FT Energy Source is posting a daily question for our panel of expert commentators. Below are responses from panel members Kyoto carbon markets architect Graciela Chichilnisky, Mindy Lubber of the Investor Network on Climate Risk, Jeremy Leggett of Solarcentury and Julian Morris of The International Policy Network.
Are derivatives and other financial instruments a good way to address
the political issues around financing carbon reduction in developing countries? What are the risks and how can they be avoided? This refers not only to institutional proposals such as those offered by George Soros, but also market-based instruments.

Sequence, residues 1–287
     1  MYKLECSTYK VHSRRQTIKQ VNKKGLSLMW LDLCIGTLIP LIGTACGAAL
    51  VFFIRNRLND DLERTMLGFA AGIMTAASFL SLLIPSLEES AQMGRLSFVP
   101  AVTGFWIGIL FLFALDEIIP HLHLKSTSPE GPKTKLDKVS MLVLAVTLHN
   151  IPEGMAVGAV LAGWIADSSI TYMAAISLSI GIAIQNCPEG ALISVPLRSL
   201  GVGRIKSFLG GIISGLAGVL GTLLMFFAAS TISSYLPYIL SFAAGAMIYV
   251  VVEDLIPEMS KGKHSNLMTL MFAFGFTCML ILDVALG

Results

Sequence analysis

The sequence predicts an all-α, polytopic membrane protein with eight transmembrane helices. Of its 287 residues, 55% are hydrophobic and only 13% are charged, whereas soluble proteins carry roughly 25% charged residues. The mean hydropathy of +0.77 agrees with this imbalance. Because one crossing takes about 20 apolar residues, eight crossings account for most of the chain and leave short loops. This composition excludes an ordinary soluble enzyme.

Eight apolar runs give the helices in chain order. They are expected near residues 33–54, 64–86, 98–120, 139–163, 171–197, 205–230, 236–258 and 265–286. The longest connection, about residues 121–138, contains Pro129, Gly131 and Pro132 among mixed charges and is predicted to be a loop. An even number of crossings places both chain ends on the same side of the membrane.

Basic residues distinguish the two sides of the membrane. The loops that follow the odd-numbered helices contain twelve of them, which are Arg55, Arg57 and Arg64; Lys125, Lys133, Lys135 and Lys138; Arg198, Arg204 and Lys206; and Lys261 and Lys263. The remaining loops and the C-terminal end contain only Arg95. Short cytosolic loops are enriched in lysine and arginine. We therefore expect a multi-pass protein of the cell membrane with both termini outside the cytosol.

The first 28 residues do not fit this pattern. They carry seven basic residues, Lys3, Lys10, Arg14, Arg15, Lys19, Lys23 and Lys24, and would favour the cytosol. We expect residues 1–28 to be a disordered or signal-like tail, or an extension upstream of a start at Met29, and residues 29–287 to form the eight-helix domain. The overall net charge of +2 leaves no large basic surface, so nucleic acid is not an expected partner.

Examples are the Clean Development Mechanism of the Kyoto Protocol, a financial mechanism that was explicitly endorsed by 100 nations at an April 27-28 2009 meeting in the Palais des Nations, Geneva, convened to evaluate it. The CDM is not perfect and needs improvements – but the consensus from the 100 nations that were present was that it was working. The carbon market itself – which I have designed and drafted into the protocol in 1997 – is a financial mechanism that has been successful in financial and environmental terms as well. It is now trading $120bn in the European Union trading system and has helped decrease the equivalent of 20 per cent of EU’s emissions. Read more